Paper No. 11
Presentation Time: 11:00 AM


SHEFFIELD, Sarah L., Earth and Planetary Sciences, The University of Tennessee, 306 EPS Building, 1412 Circle Dr, Knoxville, TN 37996 and LEWIS, Ronald, Department of Geology and Geography, Auburn University, AL, Department of Geology and Geography, Auburn University, 210 Petrie Hall, Auburn, AL 36449-5305,

Cladid crinoids have among the highest disarticulation rates of all Paleozoic crinoids, so systematic studies have been hindered by a lack of available specimens. An unusually large collection of over 250 specimens of the genus Erisocrinus from numerous museum collections has been studied in order to evaluate the intraspecific variation and systematics of the genus.

The systematics study of the genus Erisocrinus, a largely Pennsylvanian-age group, took into account the 37 species proposed since its naming in 1865. Species previously synonymized or reassigned by other authors were examined. Those species still named within the genus Erisocrinus were evaluated on the basis of a new diagnosis of Erisocrinus, created through both a thorough examination of all the specimens used in the study and previous diagnoses.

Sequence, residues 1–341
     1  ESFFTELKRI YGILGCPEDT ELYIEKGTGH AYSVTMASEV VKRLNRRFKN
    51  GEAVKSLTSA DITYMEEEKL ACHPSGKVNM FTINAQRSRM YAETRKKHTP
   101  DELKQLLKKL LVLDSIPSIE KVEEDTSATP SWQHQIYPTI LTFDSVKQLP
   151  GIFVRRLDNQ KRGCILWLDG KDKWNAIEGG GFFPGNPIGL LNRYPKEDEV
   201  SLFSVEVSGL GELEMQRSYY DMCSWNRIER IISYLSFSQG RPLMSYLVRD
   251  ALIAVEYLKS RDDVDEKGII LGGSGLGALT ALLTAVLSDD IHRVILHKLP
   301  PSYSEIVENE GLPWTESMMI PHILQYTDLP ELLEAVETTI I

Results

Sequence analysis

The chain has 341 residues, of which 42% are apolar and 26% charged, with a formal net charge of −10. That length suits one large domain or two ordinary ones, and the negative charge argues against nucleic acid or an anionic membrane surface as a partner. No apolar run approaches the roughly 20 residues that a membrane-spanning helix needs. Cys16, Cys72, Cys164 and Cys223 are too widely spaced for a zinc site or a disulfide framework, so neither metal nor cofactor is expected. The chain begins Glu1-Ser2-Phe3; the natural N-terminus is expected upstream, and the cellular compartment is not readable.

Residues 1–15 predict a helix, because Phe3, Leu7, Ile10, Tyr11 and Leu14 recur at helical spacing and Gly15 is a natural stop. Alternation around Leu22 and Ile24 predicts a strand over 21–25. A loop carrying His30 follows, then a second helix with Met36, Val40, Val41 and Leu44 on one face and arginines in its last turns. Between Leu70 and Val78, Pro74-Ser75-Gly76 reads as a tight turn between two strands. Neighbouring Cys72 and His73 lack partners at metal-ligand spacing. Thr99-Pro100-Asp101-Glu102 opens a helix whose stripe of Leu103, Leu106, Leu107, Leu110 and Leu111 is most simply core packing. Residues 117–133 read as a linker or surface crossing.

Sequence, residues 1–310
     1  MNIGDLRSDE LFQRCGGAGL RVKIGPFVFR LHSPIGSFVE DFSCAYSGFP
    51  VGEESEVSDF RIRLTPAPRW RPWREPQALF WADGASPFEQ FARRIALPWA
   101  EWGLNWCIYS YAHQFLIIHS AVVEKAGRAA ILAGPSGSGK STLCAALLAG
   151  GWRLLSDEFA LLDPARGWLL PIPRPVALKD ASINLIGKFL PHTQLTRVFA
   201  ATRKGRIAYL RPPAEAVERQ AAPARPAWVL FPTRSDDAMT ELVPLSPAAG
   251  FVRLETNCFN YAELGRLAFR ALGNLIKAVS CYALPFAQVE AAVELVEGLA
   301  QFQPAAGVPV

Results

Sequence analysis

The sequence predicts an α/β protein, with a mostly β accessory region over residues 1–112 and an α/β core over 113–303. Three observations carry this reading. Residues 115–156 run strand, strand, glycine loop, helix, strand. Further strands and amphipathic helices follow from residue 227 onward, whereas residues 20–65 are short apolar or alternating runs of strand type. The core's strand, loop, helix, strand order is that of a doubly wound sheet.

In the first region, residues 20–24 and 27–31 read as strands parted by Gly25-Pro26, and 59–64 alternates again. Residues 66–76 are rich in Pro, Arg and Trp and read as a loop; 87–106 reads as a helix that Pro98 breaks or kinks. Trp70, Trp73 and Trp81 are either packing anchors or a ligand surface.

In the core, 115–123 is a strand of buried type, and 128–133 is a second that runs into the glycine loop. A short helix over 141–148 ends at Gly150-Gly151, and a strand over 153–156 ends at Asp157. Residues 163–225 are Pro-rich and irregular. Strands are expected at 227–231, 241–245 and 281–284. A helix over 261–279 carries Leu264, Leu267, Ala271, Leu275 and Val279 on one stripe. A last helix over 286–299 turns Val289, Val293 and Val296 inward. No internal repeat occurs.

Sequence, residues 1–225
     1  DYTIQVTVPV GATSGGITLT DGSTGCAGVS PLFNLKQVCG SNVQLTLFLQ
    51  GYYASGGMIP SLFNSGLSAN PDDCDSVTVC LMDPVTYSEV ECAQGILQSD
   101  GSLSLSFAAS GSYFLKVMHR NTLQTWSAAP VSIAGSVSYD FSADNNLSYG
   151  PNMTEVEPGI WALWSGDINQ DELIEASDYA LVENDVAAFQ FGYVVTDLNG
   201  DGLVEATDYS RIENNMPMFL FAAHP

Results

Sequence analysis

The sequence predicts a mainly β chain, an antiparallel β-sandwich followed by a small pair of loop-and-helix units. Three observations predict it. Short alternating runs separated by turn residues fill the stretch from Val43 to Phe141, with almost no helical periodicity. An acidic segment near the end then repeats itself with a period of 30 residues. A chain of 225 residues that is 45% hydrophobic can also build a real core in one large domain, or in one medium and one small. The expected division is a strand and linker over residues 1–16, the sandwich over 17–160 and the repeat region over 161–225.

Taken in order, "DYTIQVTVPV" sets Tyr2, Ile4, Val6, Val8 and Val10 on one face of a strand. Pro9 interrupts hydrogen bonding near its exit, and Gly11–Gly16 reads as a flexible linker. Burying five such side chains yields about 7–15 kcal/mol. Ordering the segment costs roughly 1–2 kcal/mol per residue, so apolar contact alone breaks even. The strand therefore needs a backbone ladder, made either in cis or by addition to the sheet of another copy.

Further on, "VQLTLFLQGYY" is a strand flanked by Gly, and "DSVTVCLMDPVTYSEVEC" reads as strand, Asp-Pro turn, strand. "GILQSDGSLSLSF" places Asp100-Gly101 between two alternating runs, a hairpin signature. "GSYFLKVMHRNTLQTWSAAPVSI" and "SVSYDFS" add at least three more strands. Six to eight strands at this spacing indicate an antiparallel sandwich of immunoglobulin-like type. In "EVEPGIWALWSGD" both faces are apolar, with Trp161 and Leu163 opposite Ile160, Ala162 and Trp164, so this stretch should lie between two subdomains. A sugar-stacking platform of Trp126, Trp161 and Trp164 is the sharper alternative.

Eight species were removed from the genus because of their obvious deviations from the genus diagnosis. Six of the eight species were reassigned to other genera within the family Erisocrinidae (Genus Sinocrinus Tien 1926 and Genus Exaetocrinus Strimple and Watkins 1969). As a result of this study, a large majority of Permian-age species and all species named outside of the mid-continental United States are no longer considered to belong within the genus.

The remaining twelve species were analyzed based on measurements of radial height and width, basal height and width, and stem diameter. Both normalized and non-normalized data were analyzed using Principal Components Analysis to determine which of the five variables contributed to intraspecific variation. The species data were also analyzed using neighboring cluster analysis and k-means cluster analysis to determine the relationships among the species. These analyses show that a number of the twelve species are statistically indistinguishable from one another and should be synonymized.

This study redefines the temporal span of the genus as being present primarily during the Pennsylvanian, with only two species surviving into the Early Permian. As redefined in this study, Erisocrinus is restricted entirely to the mid-continental United States.